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‘Flip-flop’ and mergers-in-progress1

Published online by Cambridge University Press:  10 June 2013

LAUREN HALL-LEW*
Affiliation:
Linguistics & English Language, University of Edinburgh, Dugald Stewart Building, 3 Charles St, Edinburgh EH8 9AD, UKLauren.Hall-Lew@ed.ac.uk

Abstract

During a merger-in-progress, occasionally one or two speakers will exhibit an unusual phonological pattern reminiscent of flip-flop (Labov et al. 1972). In such cases, the merging vowels appear to move past the point of coalescence in at least one phonetic dimension; difference is maintained but the vowel quality is opposite to the historical pattern on one or both dimensions. Flip-flop between the cot and caught vowels occurs for two speakers in a recent sample from San Francisco, California. The community shows robust change in progress toward a lower and fronter caught vowel nucleus, and no change in apparent time for cot. Further analysis shows that this is leading to a change in apparent time toward merger, and that the rate of vowel convergence is stronger among Chinese Americans than European Americans. The two speakers who produce flip-flop are seen to represent a key transitional generation with respect to the ethnic identity of the neighborhood, where flip-flop may be but one linguistic consequence of a lifetime of active negotiation between conflicting local meanings. The analysis suggests that ethnographic detail and attention to individual outliers allows for more comprehensive models of the range of phenomena associated with vowel mergers.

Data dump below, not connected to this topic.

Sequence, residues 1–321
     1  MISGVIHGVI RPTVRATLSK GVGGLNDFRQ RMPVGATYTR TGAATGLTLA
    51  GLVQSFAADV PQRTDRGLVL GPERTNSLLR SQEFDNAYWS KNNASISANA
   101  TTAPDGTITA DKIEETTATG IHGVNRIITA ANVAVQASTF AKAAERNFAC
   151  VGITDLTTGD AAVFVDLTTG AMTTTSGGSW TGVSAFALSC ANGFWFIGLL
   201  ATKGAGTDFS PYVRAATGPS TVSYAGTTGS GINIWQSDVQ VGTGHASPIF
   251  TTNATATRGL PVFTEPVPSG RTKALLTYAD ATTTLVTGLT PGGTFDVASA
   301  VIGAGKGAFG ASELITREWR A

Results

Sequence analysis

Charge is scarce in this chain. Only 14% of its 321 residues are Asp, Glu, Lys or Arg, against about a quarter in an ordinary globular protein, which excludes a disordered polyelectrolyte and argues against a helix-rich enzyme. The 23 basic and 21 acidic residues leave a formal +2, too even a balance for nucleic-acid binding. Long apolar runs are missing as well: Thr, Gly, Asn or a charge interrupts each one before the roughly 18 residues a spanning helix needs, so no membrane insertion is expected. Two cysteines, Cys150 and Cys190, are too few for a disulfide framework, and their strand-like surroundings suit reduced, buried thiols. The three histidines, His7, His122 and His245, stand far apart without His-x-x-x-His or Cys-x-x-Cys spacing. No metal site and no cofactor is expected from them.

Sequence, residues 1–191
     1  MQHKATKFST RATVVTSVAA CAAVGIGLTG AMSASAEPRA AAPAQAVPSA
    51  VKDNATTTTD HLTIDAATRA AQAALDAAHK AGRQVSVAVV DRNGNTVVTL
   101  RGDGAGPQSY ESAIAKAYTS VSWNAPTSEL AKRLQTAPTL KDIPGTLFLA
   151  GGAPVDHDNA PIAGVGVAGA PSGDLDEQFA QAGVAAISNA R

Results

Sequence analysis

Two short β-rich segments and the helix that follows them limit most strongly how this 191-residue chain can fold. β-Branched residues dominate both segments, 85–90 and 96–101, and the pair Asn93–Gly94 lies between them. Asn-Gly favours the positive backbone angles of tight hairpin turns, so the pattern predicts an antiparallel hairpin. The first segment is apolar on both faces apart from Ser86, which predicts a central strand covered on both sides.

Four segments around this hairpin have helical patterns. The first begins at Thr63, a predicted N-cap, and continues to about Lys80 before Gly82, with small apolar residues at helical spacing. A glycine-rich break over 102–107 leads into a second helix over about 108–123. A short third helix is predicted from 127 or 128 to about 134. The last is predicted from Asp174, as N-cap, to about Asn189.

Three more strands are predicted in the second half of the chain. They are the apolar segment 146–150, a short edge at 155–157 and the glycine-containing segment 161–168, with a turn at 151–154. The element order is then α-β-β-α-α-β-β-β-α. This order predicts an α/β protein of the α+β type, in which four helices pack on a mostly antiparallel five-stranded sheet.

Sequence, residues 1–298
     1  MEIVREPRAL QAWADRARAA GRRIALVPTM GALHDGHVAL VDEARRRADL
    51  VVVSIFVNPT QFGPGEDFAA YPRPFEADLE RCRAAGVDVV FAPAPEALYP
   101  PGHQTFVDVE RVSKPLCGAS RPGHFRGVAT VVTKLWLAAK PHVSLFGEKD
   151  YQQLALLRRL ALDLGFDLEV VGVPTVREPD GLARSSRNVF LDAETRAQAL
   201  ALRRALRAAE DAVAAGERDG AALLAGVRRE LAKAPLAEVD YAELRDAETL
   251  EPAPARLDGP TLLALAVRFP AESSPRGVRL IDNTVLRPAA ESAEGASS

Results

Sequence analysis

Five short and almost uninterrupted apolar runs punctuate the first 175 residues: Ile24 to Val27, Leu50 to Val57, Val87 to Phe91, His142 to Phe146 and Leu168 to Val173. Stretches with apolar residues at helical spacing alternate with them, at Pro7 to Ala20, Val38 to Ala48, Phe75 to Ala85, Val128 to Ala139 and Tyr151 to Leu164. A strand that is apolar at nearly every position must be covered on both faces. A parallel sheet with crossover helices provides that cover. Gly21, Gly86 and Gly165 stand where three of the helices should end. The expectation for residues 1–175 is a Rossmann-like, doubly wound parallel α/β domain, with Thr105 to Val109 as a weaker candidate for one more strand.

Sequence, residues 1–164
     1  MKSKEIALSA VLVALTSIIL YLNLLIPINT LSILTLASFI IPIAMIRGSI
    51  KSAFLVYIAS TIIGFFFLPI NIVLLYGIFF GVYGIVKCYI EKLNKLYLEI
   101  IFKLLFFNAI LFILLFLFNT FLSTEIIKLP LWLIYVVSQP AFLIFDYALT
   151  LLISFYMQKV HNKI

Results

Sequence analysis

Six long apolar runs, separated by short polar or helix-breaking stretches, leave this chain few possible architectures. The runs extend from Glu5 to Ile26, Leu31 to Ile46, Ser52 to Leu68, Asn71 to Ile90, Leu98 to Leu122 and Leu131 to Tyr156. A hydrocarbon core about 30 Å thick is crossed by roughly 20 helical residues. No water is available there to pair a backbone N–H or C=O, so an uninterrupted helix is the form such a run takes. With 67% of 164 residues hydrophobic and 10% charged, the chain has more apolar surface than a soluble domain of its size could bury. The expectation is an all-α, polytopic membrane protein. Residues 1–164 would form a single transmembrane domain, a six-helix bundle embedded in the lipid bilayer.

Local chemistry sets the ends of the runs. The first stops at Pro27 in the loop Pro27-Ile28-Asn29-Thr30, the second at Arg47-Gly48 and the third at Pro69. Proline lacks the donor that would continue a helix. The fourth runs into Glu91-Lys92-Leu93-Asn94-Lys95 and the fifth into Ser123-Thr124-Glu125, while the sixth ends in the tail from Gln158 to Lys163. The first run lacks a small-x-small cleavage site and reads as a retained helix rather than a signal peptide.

Type
Research Article
Copyright
Copyright © Cambridge University Press 2013 

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Footnotes

1

The first version of this work was presented at the International Society for the Linguistics of English (ISLE), in June 2011, on the panel ‘Mergers in English: perspectives from phonology, sociolinguistics and psycholinguistics’, organized by Lynn Clark, Warren Maguire and Kevin Watson. I extend my thanks to them for organizing the workshop and this special issue. A second version was presented at the Department of Linguistics at Queen Mary, University of London, in January 2012, and I thank that audience for their valuable feedback. I am indebted to the anonymous reviewers of this paper for their detailed and insightful observations. Thanks to Jennifer Nycz, Kevin Stadler, Helen West and Amy Wong for useful discussions. The speakers whose voices are analyzed here receive my greatest debt of gratitude.

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